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Puffin, 9781780080116

“Otto the Book Bear in the Snow” by Katie Cleminson is the magical story of two book bears whose book is borrowed from the library and then left whilst the readers go on holiday.  But the bears need to get back to the library for the Christmas party, unfortunately things do not go as planned, so will they get back in time?

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Puffin, 9780141373706

“Dream Snow” by Eric Carle.  A delicious little lift the flap book about preparing for Christmas on a farm.  It is great for recognizing the animals and getting into the festive spirit.

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OUP, 9780192747372

“Winnie and Wilbur meet Santa” by  Valerie Thomas and Korky Paul. When Santa gets stuck in Winnie’s chimney he asks her and Wilbur to help him deliver the rest of the presents.  They have a great adventure but also lots of problems, so in the end Winnie uses a bit of magic to make sure that all the presents are delivered.  As always the illustrations are sumptuous and this time there is a pop-up at the back, which is sure to be a great hit with everyone.  I particularly like the use of Greek for names etc in the pictures, I wonder how many children will recognize the language?

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Bloomsbury, 9781408859155

“Robin’s Winter Song” by Suzanne Barton is a beautiful story of the Robin discovering Winter for the first time and seeing what a great time he can have with his friends.  The illustrations are positively jewel-like and add to the sense of joy and excitement about the time of year.

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Walker books, 9781406365955

“The Christmas Eve Tree” by Delia Huddy and Emily Sutton is the story of a small and unloved Christmas tree that was saved from destruction by a young  homeless boy and of the joy at Christmas as people gather around the tree to sing carols and to forget the problems of their everyday life.  The ending shows that there is always hope and we need to believe in the goodness of people around us.  There are beautiful illustrations with a feel of the 1960s to them, which really adds to the atmosphere of the story.

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Simon & Schuster, 9781471119989

“The Storm Whale in Winter” by Benji Davies is the second story about a young boy called Noi and the young Whale that he had rescued in the summer.  This is a winter’s tale and a wonderful coming together of man and nature to save one another.  It is a simple but very heart warming story.

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Red Fox, 9781782955504

“Lucy and Tom at Christmas” by Shirley Hughes have, together with “Alfie’s Christmas”, become symbols of what we might call a traditional Christmas.  It was first published in 1981 and the world has changed a great deal since then.  However the story gives a lovely sense of family, friendship and the meaning of the occasion.  Sometimes it is nice to wallow in nostalgia and think of the simple enjoyments of life.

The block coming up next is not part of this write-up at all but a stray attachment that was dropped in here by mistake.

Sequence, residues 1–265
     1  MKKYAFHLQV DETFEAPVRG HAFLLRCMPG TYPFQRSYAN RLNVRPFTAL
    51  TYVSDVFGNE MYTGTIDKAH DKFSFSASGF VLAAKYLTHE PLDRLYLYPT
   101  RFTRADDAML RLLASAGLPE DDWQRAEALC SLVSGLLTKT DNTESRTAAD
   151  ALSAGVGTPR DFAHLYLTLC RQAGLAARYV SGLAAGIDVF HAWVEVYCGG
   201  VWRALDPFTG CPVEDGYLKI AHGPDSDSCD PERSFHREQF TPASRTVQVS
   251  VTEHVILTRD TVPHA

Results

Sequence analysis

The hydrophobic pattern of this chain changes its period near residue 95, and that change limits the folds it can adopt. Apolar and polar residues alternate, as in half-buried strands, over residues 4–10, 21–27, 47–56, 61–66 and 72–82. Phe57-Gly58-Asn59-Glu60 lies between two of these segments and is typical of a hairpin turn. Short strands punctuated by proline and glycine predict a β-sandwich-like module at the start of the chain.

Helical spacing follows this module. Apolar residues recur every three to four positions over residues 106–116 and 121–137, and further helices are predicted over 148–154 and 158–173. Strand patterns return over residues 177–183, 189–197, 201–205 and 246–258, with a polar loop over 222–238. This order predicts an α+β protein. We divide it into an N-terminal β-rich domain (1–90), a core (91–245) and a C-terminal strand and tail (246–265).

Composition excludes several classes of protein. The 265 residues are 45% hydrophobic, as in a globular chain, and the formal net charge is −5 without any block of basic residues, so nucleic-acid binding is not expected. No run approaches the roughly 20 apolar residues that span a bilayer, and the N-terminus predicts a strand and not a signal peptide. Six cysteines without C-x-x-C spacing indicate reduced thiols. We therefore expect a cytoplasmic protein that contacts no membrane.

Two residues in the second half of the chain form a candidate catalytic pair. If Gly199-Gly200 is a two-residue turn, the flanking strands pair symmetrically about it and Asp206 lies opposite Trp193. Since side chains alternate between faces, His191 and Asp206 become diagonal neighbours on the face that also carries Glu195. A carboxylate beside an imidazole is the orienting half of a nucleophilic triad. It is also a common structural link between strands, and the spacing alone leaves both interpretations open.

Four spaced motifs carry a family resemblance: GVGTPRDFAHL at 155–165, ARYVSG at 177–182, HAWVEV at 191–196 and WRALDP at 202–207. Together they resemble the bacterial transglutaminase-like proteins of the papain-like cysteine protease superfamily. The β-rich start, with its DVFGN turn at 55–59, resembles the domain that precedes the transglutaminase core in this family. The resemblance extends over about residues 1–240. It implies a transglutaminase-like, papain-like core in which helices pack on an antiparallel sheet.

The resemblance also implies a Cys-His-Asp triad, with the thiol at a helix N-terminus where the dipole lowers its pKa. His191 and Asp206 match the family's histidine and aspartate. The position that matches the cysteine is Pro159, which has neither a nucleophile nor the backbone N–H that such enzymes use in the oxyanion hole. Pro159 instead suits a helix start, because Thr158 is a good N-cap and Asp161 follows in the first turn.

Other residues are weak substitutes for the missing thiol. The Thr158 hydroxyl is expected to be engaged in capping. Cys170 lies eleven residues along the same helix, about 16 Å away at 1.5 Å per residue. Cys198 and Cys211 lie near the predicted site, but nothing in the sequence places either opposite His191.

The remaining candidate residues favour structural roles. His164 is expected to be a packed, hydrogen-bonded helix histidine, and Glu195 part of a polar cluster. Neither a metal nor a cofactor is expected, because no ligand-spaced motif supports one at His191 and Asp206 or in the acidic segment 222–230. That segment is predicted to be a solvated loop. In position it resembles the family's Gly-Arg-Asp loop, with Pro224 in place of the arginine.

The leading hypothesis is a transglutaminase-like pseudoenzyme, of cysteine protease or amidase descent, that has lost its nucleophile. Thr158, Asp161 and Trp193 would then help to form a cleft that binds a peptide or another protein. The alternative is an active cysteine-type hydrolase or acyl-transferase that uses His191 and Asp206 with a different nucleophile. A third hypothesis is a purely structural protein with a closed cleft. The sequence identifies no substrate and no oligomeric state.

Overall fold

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David Fickling, 9781910200803

“Coming Home” by Michael Morpurgo and Kerry Hyndman (illust.)  is the story of a Robin as he migrates to his winter home, all the time thinking about his partner who should be waiting for him.  It is full of trials and tribulations but also kindness and hope.  Definitely a story full of the meaning of  Christmas.

 

I can’t believe it is only a week until the big day but I am sure that there is still time to do a bit of reading or to get some stocking fillers for the family.  I know I will be reading some of these stories to my grandson when he comes to visit and i might even treat myself to a re-read of one or two favourite stories.  The Christmas season has definitely started as I was telling Christmas stories in my local primary school last week and I have also been to a performance of Messiah.  There is just “The Muppet Christmas Carol” to go and then all will be ready.  Have a wonderful Christmas everyone and enjoy your reading.

 

Building Bridges: Forging Connections and Growing Readers.

This was the Federation of Children’s Book groups Conference which was held over the first weekend in April. It was a very appropriate title not only because the conference was held in Telford, but also because it was about ways that we can connect with young readers and help them develop as reading enthusiasts.

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Exhibition heaven

I finally managed to arrive at the campus (part of the University of Wolverhampton) in time to get to my room and then hit the launch of the publishers’ exhibition at 5.00 pm on the Friday.  As always this is somewhat the height of any conference for me.  It was great to meet up with so many friends and to get a look at some fantastic new titles that are coming in the next few months, but of course this was only the first of many visits over the weekend.